Ok, so part of the learning curve has already begun. Colin has a fever of 39.9, and they had just started him on a new antibiotic this evening to try get the temperature down, and of course, the tube from the ventilator is not pleasant. He was trying really hard to tell me he loved me, and ask me to scratch him, to move the position of the pipe in his mouth, to put lip ice on, and other things, and it is very frustrating for both of us. He cannot even make a sound at all, so I cannot even listen very closely, and since he is stationary and immobile, I can’t really get a great look at his lips in order to lip read either.
To compensate, and perhaps to make myself feel better, I was stroking his hand, and rubbing his arm, and scratching his head. But, perhaps out of anxiety or nervousness, I was doing it too consistently in the same place, and it was irritating him. Eventually, he was able to get my attention by moving his arms in a agitated fashion, and pulling a face at me. I will be honest – that almost broke me. I had to very quickly go to the tap to rinse the facecloth so he wouldn’t see me break down and cry.
He is not feeling well at all, it must be painful to try turn his face to meet our gaze, and then he has to sort of get agitated before I realise he wants me to just stop what I am doing, which was meant to be a loving and comforting thing. I think part of it was that I kept re-wetting the facecloth and putting it on his forehead – he felt very hot to the touch, and it was helping him, but then I think I was pressing too hard as well.
This is a situation that is so difficult to negotiate. I don’t know the rules, and there don’t seem to be any that I can sort of read up on. He is awake, and I was so elated earlier when I saw him open his eyes, but it is really difficult to try guess what he wants, what he doesn’t want, where he is itchy, where he is sore, exactly where to stand so he can see me, how softly or firmly to press on his forehead when applying what was meant to be a loving cold compress, and so on. Then to register the pain on his face and his agitation, and even anger at what was meant as love – is very difficult.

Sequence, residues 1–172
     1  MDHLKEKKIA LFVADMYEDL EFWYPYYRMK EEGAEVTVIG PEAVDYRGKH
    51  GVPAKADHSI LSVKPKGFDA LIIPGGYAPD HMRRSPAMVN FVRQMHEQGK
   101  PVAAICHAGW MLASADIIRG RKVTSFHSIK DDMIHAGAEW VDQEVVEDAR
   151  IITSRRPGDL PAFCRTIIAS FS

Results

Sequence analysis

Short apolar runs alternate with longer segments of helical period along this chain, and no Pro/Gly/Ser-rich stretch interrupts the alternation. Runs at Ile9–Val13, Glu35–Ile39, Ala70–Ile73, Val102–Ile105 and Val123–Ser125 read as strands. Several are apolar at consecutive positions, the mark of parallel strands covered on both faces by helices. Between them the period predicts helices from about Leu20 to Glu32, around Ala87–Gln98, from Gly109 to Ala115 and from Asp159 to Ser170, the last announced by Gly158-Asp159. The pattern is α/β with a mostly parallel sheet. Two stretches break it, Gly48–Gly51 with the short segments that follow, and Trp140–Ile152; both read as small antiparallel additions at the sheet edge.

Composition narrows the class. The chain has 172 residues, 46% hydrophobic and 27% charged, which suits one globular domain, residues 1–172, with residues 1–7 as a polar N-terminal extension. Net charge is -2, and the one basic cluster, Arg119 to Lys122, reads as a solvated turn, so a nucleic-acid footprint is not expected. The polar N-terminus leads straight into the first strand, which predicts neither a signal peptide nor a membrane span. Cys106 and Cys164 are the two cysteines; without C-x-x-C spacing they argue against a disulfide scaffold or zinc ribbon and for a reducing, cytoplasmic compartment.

He was never one to enjoy being fussed over, and this must be so difficult for him. I am also torn between wanting to be there 3 times a day, at each visiting time, but not wanting to face the awful traffic and fair distance I have to travel to get to see him. He did say to me that I don’t have to feel like I need to go all the time, or even every day, but I am not complete without him. He is my other half, and I have learned to have some little insight into what it may be like to lose your spouse completely.
There are always people better off, and those worse off than yourself, and I find that although I know it to be true, it gives me little comfort. I don’t want to have to be grateful that it was so bad but not worse. I wish it had not happened at all. Not to us, and not to anyone.
These sorts of things are so difficult that one can never be prepared for them, and we don’t know what to say to others when they are in these situations either. I am completely overwhelmed by the support I have received, and I know absolutely that every person who said it, meant it, when they said I should let them know what they can do to help. But I am also completely overwhelmed at how little I am coping in this situation.
I seem to be in a brain fog, and fluctuate between wanting the calls and hiding from them. My Dad has been helping me with practical advice, and writing lists for me of things I need to think about doing. He is amazing. But. I have not had a moment to myself since Friday, except when I am asleep. I understand why, and am grateful. I also need a breather. Please do not misunderstand me – I am not ungrateful to you all, and am thankful beyond what you may ever know at how you have all rallied around me, but I need to be able to just breathe.
This evening, I am grateful I can breathe on my own, unaided by machines, and without a tube down my throat. I am grateful that Colin can breathe because he IS aided by machines, WITH a tube down his throat. I hope to soon be grateful that he doesn’t need the machine anymore.
I miss you Colin. More than I would have thought possible. Rest well, and deeply; and regain your strength. I need you here with me.